Mr. Forster’s replacement at CSEC is Greta Bossenmaier, the senior associate deputy minister for international development, who takes over the role on Feb. 9. Ms. Bossenmaier has made her way up through the ranks of several departments including foreign affairs, starting there as the director of information management and technology in 1994. She was deputy minister for the Afghanistan Task Force in the Privy Council Office from 2009 to 2012.
Foreign Affairs has a new senior associate deputy minister in Peter Boehm, the current associate deputy minister in the department. The promotion was effective Jan. 26 and he will continue his role as sherpa to the PM for the G7 and nuclear security summits. Mr. Boehm was Canada’s ambassador to the Organization of American States from 1997 to 2001 and until 2004 was a political and public affairs minister at the Canadian Embassy in Washington. He was also Canada’s ambassador to Germany from 2008 to 2012.
John Turner moves from being National Defence’s assistant deputy minister for materiel to being its associate deputy minister, effective Feb. 2. He’s held a number of positions within the public service, beginning in 2000 as the director of defence analysis in the office of the Vice Chief of the Defence Staff.
Former ambassador resigns as Yemen’s PM
A former ambassador for Yemen to Canada has resigned as his country’s prime minister, just months after taking on the new role.
Khaled Bahah was posted to Ottawa from 2009 to 2014, and was well known for his friendliness and active participation in the diplomatic community. He became president of the Ottawa Diplomatic Association very early on in his Canadian posting.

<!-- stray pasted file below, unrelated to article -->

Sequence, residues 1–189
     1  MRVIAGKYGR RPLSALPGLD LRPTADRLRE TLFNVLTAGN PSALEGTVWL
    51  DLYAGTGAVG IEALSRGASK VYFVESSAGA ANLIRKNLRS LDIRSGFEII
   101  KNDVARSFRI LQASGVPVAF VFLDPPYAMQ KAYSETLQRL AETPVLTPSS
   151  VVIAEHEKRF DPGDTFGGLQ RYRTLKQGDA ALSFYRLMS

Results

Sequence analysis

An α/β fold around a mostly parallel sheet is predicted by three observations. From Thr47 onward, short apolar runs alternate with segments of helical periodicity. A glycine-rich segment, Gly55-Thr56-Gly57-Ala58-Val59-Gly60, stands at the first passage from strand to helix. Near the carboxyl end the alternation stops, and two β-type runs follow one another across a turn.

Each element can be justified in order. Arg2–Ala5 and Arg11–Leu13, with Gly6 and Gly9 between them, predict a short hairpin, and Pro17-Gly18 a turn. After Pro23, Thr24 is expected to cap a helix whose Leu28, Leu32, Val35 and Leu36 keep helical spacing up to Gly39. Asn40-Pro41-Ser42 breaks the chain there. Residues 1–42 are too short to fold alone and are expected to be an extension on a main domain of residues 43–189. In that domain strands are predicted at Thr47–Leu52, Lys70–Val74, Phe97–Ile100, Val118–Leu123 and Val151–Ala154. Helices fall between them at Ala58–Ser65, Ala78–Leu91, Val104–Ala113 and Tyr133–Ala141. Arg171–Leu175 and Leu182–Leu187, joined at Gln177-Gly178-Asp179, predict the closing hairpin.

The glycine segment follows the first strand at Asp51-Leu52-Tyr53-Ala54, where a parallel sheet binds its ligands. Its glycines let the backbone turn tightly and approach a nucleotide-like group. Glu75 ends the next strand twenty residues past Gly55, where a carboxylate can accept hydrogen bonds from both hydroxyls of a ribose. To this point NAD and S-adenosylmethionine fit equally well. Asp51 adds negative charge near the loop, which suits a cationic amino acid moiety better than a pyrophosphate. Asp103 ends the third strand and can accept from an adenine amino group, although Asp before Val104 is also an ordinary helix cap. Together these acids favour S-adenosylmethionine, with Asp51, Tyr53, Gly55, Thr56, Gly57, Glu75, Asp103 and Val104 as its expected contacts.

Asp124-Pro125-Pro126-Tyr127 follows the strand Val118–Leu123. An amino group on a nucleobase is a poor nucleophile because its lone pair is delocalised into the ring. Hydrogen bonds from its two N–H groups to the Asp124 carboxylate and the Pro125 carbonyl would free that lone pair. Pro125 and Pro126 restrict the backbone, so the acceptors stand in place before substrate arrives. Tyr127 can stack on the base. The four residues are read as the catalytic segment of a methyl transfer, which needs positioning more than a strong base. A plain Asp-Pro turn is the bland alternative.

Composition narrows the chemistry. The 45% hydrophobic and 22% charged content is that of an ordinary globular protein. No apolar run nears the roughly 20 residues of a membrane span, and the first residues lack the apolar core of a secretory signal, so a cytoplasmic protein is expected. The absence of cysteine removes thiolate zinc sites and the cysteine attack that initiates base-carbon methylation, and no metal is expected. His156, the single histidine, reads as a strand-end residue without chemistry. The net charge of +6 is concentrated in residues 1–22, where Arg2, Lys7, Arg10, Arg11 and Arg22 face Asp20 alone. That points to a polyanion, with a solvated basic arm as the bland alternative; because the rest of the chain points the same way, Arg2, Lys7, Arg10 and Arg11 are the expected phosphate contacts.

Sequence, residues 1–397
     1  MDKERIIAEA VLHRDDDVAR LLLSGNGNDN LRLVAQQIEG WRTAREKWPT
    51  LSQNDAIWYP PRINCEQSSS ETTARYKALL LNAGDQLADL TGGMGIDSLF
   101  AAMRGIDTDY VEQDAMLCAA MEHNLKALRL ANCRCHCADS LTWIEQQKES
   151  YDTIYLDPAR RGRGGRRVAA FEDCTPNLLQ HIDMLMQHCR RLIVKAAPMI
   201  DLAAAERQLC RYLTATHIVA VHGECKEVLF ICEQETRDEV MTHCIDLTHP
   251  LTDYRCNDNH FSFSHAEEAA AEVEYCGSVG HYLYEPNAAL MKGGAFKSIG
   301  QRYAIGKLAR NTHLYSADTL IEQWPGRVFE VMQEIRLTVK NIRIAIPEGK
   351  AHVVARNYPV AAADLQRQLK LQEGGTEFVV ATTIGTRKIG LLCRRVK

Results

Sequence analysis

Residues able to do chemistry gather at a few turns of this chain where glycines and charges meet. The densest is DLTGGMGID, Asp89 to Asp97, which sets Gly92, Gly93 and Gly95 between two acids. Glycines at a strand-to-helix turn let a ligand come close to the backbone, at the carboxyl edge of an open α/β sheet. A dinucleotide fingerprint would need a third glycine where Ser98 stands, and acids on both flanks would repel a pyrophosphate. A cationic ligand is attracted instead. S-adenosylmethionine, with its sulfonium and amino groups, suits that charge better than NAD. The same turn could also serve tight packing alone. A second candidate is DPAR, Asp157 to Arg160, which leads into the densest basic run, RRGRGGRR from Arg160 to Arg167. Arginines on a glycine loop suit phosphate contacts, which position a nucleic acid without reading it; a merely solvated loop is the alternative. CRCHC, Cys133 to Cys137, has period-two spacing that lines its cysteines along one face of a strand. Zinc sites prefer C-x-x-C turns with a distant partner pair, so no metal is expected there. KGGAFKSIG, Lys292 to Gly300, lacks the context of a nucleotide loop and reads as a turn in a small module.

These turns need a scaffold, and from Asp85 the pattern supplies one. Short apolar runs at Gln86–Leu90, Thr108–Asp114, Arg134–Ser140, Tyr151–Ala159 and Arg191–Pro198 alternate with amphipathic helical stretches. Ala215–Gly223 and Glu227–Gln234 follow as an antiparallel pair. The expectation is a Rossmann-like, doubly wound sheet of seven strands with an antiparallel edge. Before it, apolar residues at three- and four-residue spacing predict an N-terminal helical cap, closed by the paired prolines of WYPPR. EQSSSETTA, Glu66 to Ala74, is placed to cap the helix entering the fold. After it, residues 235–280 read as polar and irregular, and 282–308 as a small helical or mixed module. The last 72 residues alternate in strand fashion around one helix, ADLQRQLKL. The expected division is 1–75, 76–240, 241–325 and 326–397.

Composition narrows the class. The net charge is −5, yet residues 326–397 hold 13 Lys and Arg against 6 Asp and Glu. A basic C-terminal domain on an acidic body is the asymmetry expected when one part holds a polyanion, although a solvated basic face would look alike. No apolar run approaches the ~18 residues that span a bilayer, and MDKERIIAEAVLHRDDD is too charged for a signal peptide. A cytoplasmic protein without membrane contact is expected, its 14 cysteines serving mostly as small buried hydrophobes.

His term came to a quick end when he was speedily appointed Yemen’s oil and minerals minister in March, a role he’d held previously after working for oil and gas company Nexen. Then he was appointed ambassador to the United Nations in August. Then he was appointed prime minister by Abd Rabbuh Mansur Hadi, Yemen’s president, in October.
International media reports suggest Yemen is in a mess. The country’s cabinet, led by Mr. Bahah, resigned this month. And according to the Guardian Mr. Hadi has also resigned, after being pressured to make concessions to Shia rebels called Houthis.
Dismal election results for former envoy
Nevers Mumba, previously Zambia’s high commissioner in Canada, was one of the many candidates in the country’s presidential election this month to come out behind, way behind.
According to a Washington Post blog, after winner Edgar Lungu, representing the Patriotic Front, and second-place finisher Hakainde Hichilema of the United Party of National Development, all other candidates received less than one per cent of the final vote.
Mr. Mumba was the president of the ODA during his Ottawa diplomatic appointment. A political appointee, after his party lost elections, the new president suggested Mr. Mumba had been involved with financial impropriety in his work in Canada, which he denied as a politically motivated attack. Mr. Mumba represented the Movement for Multiparty Democracy in the recent election.